Two key organisations representing the interests of personnel in the Australian Defence Force have flatly accused the Abbott government of foisting a pay cut in real terms onto those serving in the military after the Defence Remuneration Tribunal (DFRT) pushed through a deeply unpopular below inflation wages deal.
The Defence Force Welfare Association (DFWA) and the Alliance of Defence Service Organisations (ADSO) have both condemned what they say is a “lowly annual pay increase of 1.5 per cent” a year over the next three years that they say “is barely half the expected annual inflation rate.”
Defence and the Abbott government on Monday confirmed the contentious low ball pay deal – which ADF members have no choice other than to accept – had been pushed through by the DFRT despite calls by representative groups and the Opposition for Mr Abbott to personally intervene.
“A ‘better pay deal’ means at least matching the movement of the ‘Employee Living Cost Index’, not just inflation, the DFWA said in a tersely worded public statement.
“It means maintaining the real purchasing power of ADF wages. Anything less represents a pay cut which ADF members should not be expected to accept. Nor should they be expected to accept having to actually pay for the lowly offer by so-to-speak ‘productivity initiatives’ which include removing some previously approved leave provisions and the downgrading of several other conditions of service.”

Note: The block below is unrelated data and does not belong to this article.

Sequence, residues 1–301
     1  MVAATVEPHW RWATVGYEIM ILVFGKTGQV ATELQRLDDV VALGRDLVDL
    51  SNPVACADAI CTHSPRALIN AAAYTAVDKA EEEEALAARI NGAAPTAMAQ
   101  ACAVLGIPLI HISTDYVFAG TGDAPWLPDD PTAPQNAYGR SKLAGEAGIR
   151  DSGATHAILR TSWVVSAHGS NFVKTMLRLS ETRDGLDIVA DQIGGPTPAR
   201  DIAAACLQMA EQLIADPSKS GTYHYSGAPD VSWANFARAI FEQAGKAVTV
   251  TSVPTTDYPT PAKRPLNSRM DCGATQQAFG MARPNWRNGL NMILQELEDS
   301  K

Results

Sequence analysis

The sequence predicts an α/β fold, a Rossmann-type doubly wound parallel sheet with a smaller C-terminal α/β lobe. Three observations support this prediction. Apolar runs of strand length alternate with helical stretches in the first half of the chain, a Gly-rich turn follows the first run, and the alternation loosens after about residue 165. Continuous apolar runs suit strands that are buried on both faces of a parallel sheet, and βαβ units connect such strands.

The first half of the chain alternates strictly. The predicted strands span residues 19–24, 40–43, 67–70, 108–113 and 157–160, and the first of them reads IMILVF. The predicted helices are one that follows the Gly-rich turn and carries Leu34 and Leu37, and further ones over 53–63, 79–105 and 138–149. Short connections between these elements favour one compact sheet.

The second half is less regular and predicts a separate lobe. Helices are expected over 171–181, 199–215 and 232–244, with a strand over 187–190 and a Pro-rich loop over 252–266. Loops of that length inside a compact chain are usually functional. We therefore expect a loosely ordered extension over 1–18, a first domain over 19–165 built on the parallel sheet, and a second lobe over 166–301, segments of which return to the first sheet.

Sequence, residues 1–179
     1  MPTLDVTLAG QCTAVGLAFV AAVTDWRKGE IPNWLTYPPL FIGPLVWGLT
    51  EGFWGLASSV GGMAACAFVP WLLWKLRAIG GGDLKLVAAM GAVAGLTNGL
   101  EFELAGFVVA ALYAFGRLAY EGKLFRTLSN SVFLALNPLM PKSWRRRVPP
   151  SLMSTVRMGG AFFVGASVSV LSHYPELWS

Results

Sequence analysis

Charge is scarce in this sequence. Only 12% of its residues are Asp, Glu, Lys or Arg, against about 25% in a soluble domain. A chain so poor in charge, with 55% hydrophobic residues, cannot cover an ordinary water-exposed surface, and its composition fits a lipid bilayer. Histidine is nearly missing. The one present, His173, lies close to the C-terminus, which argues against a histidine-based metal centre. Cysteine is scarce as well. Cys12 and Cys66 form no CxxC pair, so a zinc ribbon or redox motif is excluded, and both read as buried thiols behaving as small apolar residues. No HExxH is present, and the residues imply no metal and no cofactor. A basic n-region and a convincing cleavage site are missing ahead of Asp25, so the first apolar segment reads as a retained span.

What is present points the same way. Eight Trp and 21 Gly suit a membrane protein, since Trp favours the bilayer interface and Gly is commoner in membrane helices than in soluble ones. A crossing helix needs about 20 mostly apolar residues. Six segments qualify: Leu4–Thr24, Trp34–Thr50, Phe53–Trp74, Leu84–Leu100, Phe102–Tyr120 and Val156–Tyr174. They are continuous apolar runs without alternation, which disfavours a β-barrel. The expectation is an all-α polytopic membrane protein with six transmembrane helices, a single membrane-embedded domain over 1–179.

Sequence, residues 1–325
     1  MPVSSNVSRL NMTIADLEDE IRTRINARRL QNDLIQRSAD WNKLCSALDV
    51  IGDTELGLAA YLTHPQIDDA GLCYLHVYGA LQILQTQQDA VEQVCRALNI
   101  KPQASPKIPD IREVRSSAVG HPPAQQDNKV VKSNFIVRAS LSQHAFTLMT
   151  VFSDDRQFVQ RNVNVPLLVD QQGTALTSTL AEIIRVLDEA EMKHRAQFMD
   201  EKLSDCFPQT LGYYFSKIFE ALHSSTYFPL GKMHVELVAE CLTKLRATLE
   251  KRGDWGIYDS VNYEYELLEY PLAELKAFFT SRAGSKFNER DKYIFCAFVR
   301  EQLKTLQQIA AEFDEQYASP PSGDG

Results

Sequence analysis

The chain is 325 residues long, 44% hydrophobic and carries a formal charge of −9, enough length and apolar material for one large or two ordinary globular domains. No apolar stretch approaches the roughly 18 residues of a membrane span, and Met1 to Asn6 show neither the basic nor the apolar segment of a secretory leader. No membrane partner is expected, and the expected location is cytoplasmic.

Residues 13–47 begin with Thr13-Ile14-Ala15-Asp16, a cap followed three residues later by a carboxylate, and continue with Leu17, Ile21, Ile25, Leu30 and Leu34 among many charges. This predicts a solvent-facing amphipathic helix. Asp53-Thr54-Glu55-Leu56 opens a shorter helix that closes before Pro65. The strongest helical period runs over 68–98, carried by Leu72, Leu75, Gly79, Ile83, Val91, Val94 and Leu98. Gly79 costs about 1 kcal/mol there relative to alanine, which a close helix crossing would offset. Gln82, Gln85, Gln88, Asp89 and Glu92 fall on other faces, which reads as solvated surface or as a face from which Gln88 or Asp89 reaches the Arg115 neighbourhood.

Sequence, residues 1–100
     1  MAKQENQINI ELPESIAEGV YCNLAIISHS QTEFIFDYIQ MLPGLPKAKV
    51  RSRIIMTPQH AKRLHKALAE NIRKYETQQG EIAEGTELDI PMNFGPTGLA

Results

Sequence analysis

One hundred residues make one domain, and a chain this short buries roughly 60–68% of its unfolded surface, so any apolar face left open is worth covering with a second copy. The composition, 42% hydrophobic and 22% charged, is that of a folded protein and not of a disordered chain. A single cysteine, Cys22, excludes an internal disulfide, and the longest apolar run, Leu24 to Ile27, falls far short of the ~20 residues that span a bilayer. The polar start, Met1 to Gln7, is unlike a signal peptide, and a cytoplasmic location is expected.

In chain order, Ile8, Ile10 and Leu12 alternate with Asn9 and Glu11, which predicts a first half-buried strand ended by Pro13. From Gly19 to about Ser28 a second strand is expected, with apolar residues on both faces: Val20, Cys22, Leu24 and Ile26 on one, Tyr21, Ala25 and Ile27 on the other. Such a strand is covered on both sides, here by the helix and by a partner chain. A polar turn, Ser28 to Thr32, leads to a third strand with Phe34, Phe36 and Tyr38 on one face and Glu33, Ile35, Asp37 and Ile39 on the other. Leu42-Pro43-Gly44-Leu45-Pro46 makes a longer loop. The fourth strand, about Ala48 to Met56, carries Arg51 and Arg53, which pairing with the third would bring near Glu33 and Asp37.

“It is a strange way to reward ADF members for their dedication and hard work especially as the Government has just dispatched a new contingent to the ongoing Middle East conflicts,” said DFWA National President, David Jamison.
The sharp criticism of the government by groups representing the interests of ADF members has underscored what appears to be a growing unease in normally conservative and taciturn military circles about the wisdom of pushing a remuneration crackdown when Australia’s military is upping its tempo in the Middle East.
A real prospect that the military’s top brass face is that the calibre of future recruits could suffer because the military’s established reputation for offering decent ongoing remuneration linked to the cost of living for personnel may be damaged.
The worry is that in the event the quality of candidates goes down, extra costs associated with training, management and productivity could occur.
Opposition leader Bill Shorten and Defence Shadow Senator Stephen Conroy were quick to round on the government’s military pay deal and slammed it as a “disgraceful decision to cut the real pay and conditions.”
“Tony Abbott should hang his head in shame at cutting the real wages of our ADF personnel and cutting their Christmas and Recreational Leave compensation leave,” Mr Shorten said.
“It is inexplicable that this government can send our service men and women into harm’s way, and at the same time force the ADF to take a real pay cut.”
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